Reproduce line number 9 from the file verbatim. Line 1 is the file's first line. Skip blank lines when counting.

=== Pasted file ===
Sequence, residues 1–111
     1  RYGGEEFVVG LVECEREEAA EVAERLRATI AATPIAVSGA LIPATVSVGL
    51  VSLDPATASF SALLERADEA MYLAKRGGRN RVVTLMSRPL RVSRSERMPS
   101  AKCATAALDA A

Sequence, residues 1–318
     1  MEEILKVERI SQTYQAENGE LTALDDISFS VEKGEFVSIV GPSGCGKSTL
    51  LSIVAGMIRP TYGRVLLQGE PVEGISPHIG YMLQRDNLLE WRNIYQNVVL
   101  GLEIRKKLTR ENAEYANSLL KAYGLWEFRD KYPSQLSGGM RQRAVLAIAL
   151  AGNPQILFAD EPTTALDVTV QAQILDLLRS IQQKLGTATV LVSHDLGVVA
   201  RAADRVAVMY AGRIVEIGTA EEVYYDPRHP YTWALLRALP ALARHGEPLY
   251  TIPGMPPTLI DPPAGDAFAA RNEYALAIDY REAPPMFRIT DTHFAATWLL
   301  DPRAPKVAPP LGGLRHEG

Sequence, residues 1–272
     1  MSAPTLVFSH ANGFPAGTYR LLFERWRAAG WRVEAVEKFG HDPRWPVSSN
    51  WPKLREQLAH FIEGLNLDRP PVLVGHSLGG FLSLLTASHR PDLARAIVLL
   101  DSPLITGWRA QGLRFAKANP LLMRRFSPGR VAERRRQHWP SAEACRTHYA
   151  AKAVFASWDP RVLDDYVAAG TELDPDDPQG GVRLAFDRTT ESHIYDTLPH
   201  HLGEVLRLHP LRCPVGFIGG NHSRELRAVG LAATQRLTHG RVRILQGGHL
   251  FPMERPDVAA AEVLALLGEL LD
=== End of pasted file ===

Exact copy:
   151  AGNPQILFAD EPTTALDVTV QAQILDLLRS IQQKLGTATV LVSHDLGVVA